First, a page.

Last week we showed images of some additional U.S. coins from the British Museum collection, forwarded by Saul Teichman. We left it as an exercise for readers to attribute their die varieties.
1793 Half Cent
1794 Half Cent
1794 Half Cent
Dan Demeo writes:
Most were pretty trivial, one not so.
The copper coins were easy:
1793 C.2 half cent
1794 C.9 half cent
1794 C.7 half cent
1794 S.24 cent
1794 S.67 cent
Dan's attributions were to Cohen (Half Cents) and Sheldon (Cents).
The last coin was an accidental puzzlement. I was equally unsure about the denomination and wrote to Saul to confirm, but his reply arrived too late for publication. Rather than hazard a guess (I thought it looked like a dollar), I didn't supply a denomination. Let's see how Dan fared.
Not being a collector of early silver, I did know that all the early silver coins looked similar, with no denomination as part of the design, being distinguished by size (weight), and the presence of edge lettering on the half and dollar. However, no weight or size reference was present. My trusty Red Book showed only 16 star varieties of 1797 dollars, so not a dollar. Halves, I do have Overton's book, and both varieties appear to have crowded reverses with large letters--not a half. Quarters, easy, they didn't make 1797 quarters. Dimes, I see 16 and 13 star varieties in 1797, no 15 star variety. So it must be a half dime, and they did have a 15 star variety of 1797, but I have no reference for that series. Not bad for having a minimum of expertise and references.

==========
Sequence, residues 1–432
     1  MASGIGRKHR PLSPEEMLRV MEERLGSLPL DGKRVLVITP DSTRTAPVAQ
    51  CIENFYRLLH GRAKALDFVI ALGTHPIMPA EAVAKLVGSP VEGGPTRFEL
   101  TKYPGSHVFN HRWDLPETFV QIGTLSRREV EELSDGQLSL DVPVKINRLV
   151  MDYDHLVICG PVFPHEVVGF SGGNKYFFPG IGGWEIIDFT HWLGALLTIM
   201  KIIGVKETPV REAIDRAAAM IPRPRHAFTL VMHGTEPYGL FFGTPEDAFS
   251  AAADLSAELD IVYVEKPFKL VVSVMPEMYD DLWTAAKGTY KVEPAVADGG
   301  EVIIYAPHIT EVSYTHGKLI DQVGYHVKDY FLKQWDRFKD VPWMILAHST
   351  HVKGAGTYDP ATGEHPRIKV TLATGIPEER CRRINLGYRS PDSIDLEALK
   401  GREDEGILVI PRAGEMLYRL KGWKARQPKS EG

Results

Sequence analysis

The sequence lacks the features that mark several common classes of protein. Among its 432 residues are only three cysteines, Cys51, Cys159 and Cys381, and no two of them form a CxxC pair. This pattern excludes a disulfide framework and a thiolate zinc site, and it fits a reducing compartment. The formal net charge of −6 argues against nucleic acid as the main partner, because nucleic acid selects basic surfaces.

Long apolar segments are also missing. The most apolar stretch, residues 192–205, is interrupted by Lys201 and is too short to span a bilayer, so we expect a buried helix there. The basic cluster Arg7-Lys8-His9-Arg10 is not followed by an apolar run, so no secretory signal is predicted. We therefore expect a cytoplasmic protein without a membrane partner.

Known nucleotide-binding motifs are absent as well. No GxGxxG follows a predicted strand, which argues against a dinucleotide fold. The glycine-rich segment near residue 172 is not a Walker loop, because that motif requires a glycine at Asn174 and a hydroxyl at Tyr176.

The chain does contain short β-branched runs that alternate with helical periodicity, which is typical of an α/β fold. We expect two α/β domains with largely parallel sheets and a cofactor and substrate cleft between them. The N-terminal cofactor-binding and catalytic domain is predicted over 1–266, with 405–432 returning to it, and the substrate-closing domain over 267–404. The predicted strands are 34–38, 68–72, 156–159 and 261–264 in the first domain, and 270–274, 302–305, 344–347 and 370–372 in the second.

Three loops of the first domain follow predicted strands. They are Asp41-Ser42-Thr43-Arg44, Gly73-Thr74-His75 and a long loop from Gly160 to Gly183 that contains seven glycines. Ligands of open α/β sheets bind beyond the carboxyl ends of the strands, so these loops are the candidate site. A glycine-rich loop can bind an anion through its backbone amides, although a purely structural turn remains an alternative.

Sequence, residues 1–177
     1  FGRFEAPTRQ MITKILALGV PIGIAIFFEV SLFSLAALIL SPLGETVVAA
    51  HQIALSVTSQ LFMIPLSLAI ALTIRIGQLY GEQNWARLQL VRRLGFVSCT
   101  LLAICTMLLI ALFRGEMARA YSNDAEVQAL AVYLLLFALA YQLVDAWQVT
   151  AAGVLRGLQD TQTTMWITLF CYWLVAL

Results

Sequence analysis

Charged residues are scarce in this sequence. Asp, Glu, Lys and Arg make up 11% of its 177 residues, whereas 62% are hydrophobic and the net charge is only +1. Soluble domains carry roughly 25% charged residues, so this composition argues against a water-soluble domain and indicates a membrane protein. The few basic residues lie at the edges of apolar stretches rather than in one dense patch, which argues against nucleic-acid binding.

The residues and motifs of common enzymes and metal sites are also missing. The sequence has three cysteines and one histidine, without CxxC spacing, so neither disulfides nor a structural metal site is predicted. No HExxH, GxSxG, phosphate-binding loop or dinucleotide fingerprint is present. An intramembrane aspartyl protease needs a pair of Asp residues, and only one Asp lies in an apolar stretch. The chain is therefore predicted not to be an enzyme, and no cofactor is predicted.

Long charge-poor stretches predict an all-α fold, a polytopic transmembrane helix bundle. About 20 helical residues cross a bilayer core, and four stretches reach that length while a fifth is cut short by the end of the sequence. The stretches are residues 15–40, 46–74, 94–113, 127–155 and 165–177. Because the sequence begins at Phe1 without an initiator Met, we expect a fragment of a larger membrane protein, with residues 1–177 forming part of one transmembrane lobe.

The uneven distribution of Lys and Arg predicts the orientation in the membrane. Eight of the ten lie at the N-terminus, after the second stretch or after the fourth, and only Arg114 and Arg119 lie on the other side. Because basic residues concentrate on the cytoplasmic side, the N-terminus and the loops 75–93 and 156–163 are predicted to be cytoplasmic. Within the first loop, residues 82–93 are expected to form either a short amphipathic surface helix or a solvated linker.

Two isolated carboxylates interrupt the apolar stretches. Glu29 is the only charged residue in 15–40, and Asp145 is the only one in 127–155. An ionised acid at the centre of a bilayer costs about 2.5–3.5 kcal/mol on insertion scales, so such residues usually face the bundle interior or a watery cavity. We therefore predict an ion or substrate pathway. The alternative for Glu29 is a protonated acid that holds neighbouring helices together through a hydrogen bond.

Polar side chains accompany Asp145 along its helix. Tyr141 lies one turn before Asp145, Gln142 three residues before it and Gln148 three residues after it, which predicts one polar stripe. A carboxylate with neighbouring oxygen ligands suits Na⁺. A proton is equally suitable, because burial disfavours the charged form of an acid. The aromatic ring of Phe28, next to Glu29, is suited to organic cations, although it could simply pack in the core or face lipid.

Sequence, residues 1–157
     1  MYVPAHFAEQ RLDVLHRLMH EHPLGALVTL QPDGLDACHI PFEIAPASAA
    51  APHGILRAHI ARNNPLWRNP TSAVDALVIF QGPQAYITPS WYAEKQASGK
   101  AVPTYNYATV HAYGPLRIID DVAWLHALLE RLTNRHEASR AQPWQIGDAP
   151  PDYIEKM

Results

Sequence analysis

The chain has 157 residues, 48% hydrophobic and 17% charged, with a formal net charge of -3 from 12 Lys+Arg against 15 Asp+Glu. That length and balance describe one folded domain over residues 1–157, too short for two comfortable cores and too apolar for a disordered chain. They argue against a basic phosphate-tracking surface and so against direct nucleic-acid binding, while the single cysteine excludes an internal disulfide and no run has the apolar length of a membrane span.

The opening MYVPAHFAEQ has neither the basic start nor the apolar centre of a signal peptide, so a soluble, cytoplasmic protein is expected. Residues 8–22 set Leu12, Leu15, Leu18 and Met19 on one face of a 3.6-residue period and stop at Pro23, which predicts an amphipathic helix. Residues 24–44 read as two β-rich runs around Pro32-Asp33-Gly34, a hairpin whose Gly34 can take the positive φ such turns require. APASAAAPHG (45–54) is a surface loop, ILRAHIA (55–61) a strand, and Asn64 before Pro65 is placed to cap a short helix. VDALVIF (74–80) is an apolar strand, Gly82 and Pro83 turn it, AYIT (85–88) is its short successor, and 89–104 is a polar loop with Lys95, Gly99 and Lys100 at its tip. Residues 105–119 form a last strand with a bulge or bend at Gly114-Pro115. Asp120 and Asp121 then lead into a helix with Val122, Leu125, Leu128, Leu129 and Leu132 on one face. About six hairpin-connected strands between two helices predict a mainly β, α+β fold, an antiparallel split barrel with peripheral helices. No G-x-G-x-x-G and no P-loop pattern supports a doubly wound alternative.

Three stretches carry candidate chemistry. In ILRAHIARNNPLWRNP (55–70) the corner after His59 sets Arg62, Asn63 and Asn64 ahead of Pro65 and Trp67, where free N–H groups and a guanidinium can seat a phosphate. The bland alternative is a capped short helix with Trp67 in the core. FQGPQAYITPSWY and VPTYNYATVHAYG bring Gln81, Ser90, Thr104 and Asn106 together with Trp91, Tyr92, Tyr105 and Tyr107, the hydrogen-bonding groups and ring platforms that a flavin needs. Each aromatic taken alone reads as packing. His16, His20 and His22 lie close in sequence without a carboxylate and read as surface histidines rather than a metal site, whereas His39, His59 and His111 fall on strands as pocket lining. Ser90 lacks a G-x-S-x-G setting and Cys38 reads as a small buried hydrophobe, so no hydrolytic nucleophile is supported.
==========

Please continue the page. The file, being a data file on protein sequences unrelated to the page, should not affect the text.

Correct! Saul confirmed that this is indeed a half dime.
Bill Eckberg forwarded the article to some half cent collectors. Regarding the 1794 C7, he writes:
The owner of the Missouri Cabinet says he compared his coin side-by-side with the BM specimen a number of years ago, and thought his was better by a point or two. He said he likes the two of them because they are the only examples that show the full hair detail of that obverse die. They are the only two UNCs, and the hair is more blunt on the other varieties with that obverse.
All who replied agreed that the British Museum coin now looks brown, so the full red Missouri Cabinet example is unquestioned as the finest.
To read the earlier E-Sylum article, see:
MORE U.S. COINS AT THE BRITISH MUSEUM
Wayne Homren, Editor
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